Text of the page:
The enjoyment of delicious food and beautiful scents are among life’s most wonderful pleasures, and in fact, these pleasures are tightly linked. Imagine holding a ripe yellow pear in your hand. Bring it to your nose and inhale the scent of its skin. The rush of fruity notes with their lemon and banana nuances will hit you almost immediately. Now take a bite. As you swallow, the caramel and milky notes become more evident. Finally, you might even notice some lingering almond nougat sweetness. Voilà, a fragrance pyramid on the tip of your tongue! To celebrate such simple pleasures, I would like to share some highlights of autumnal scents and flavors, seasonal delights that make me forget shortened days, colder nights and rainy mornings. Whether these pleasures include a luscious chestnut montblanc, quince stewed till it turns ambery-red, decadent persimmon jelly, julienned turnips tossed with pomegranate seeds or a slice of pumpkin flan, they are as much about fragrance as about flavor. I hope that this list along with suggested flavor affinities (some of which I found during my perfumery raw material training) will provide some inspiration to explore new pairings.

Quinces

I find quince to be the most marvelously perfumed fruit, rivaling fresh strawberries and peaches. Its fragrance is a combination of violet, rose, caramel, apricot, and licorice with a hint of vanilla, sandalwood and jasmine. While it cannot be eaten raw, cooked quince, which turns from ivory to ruby red, offers plenty of culinary possibilities. Toss peeled halves in lemon juice, cover with a scented sugar syrup (1 cup sugar, 2 cups water, 2 cloves, vanilla, which is enough for 4 quinces) and either simmer it gently or bake it at 300F till the fruit softens. Let it cool in its juices and store in the fridge. Prepared this way, quince can be eaten Turkish style garnished with clotted cream and chopped walnuts. It is also delicious used in pies, crumbles, and sorbets; served along with cheese, yogurt or ice cream, roast duck or lamb.

Flavor affinities: sweet spices (cinnamon, clove, vanilla, nutmeg, star anise), cardamom, bay leaf, dried figs, apples, sheep milk cheese, rosewater, brown sugar, caramel, brandy, pistachios, walnuts.

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Red Kidney Bean Salad Georgian Style (Lobio) : Flavor Recipe

“Tell me what you eat, and I will tell you what you are,” said the great French epicure and gastronome, Jean Anthelme Brillat-Savarin. If I were to divine this via my great grandmother’s recipe books, the answer would not be simple. Contrary to the popular stereotypes of Eastern European food as dense and heavy fare of cabbage and potatoes, generalization are impossible to make. Certainly, 70 years of Soviet rule have made an impact upon the cuisine in all of the former Soviet republics, but even before the revolution of 1917, the regional differences were quite pronounced and the cross-influences distinctly felt. The picture is even more complex if one considers the class differences in terms of food preferences. The yellowed pages of the notebooks which my great grandmother kept ever since she got married in the 1930s contain a fascinating array: poppy seed rolls, plum stewed meats and sour cherry vareniki (boiled stuffed dumplings) reflecting classical Ukrainian fare; walnut cream tortes alluding to influences from the former Austro-Hungarian provinces of Ukraine; and spicy meat and eggplant dishes betraying the love affair with the vibrant cuisine of Georgia, an affair that started since Georgia became a part of the Russian Empire in the 19th century. What better way to understand the culture than to eat through it!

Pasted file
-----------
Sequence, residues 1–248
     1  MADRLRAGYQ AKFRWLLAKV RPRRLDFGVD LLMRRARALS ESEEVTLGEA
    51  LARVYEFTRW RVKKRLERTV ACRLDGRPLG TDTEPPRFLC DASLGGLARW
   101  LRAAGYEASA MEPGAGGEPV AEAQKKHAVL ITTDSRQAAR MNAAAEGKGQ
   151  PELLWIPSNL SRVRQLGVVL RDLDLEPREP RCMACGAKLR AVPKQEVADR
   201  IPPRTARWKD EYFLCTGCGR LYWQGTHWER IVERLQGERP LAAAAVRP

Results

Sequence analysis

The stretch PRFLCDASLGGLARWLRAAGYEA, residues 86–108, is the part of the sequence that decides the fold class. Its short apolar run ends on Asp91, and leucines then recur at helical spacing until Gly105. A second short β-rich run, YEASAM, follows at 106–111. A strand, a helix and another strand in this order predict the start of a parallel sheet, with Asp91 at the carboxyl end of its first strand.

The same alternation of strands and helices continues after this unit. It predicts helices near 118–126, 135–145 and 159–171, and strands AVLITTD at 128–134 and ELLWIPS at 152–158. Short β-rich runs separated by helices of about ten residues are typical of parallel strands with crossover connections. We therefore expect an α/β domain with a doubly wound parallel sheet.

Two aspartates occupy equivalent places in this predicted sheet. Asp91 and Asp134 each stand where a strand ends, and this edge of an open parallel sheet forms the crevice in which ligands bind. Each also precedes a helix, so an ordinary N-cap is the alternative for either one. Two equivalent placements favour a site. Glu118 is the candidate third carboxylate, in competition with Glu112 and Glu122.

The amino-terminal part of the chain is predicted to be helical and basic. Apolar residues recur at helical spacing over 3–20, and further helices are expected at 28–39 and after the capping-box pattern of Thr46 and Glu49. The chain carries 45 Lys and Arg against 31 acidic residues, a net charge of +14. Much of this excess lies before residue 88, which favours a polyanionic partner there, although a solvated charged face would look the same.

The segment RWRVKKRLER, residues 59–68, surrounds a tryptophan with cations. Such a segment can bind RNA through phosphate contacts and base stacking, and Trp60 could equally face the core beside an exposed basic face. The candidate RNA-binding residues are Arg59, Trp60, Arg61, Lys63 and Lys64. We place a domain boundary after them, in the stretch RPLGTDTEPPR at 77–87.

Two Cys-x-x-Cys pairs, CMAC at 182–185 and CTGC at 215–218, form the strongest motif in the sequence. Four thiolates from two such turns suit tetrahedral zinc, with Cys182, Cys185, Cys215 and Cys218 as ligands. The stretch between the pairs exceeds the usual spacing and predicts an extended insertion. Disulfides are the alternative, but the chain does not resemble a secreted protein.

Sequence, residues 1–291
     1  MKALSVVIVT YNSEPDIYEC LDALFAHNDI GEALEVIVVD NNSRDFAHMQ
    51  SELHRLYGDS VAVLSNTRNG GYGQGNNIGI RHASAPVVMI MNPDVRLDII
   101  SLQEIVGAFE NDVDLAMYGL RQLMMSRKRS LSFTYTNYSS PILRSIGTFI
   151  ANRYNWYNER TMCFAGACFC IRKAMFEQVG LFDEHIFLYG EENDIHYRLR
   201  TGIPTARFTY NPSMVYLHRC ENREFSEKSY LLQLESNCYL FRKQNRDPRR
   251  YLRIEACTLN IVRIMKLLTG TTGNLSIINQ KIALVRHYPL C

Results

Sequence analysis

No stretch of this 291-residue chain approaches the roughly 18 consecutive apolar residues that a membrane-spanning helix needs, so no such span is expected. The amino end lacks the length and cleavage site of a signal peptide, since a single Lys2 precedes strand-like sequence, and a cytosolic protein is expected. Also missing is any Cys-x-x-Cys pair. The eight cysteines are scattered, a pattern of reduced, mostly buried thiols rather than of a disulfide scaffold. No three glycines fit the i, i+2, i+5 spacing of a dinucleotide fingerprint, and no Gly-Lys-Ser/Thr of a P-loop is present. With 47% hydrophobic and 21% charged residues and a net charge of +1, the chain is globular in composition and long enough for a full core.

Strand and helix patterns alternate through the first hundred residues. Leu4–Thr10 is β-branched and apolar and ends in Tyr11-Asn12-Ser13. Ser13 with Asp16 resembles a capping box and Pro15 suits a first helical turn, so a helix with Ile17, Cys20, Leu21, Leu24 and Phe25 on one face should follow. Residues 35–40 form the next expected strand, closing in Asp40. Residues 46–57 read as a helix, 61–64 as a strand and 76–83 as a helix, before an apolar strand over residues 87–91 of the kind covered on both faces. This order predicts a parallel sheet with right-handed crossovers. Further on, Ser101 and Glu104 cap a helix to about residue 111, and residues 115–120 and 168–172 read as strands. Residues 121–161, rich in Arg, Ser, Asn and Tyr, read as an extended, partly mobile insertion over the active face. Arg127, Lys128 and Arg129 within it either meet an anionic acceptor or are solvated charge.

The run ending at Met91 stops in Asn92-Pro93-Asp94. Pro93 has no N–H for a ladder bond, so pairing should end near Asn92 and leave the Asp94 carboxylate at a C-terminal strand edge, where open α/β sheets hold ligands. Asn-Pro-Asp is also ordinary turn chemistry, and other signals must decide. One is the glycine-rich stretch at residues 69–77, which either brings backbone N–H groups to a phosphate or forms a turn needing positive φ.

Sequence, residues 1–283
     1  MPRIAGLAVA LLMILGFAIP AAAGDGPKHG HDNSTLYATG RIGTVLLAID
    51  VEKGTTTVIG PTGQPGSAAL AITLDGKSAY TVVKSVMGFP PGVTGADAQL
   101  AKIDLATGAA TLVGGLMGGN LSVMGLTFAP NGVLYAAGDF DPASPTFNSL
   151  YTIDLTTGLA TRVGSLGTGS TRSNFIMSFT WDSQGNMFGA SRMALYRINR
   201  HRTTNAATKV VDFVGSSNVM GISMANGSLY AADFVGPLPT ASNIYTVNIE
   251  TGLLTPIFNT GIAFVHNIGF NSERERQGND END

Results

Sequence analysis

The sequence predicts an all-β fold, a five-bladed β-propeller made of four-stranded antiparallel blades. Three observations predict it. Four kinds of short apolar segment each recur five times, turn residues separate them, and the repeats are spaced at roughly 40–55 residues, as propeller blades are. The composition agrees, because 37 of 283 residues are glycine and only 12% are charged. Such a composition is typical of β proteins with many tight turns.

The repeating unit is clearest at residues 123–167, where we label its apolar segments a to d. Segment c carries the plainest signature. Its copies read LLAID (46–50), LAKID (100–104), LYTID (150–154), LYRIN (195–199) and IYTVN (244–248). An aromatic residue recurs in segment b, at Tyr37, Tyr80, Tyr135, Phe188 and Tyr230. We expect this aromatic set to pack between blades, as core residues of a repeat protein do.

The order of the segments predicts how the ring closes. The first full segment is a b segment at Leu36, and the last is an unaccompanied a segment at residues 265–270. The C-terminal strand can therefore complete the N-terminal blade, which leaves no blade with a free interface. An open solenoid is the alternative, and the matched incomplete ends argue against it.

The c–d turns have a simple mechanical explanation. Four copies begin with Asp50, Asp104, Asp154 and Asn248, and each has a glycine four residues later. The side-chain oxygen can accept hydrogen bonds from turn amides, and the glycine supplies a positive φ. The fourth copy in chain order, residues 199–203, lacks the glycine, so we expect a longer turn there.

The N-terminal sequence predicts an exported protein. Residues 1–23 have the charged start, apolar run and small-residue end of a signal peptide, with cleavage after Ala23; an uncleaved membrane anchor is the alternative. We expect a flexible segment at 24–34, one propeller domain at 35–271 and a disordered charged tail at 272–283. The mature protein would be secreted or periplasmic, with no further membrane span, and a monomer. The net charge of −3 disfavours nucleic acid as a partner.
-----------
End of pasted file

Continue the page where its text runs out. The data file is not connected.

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  • OnWingsofSaffron in Recommend Me a Perfume : March 2020: Oh, I have no qualms whatsoever. I bought the product, it’s mine; it’s not a unique treasure that you’ll spoil forever for wo/mankind; the end-result is better sometimes. For instance,… April 1, 2020 at 1:05pm

  • OnWingsofSaffron in Recommend Me a Perfume : March 2020: I’m not sure whether it’ still available: “Peau de Pêche” by Keiko Mecheri. I thought it was quite wonderful, more peach skin than the fruit. And quite elegant too! For… April 1, 2020 at 12:55pm

  • OnWingsofSaffron in Recommend Me a Perfume : March 2020: As Sebastian mentions: Hiram Green‘ Slowdive. I find it absolutely sumptious with a long, delicious drydown—Slowdive indeed! April 1, 2020 at 12:46pm

  • Maria in Recommend Me a Perfume : March 2020: Summer favorite when I don’t want to offend anyone is Shalimar with Goutal Eau d’Hadrien (I was so proud to see that Jean-Claude Ellena recommends it, too, while I was… April 1, 2020 at 9:57am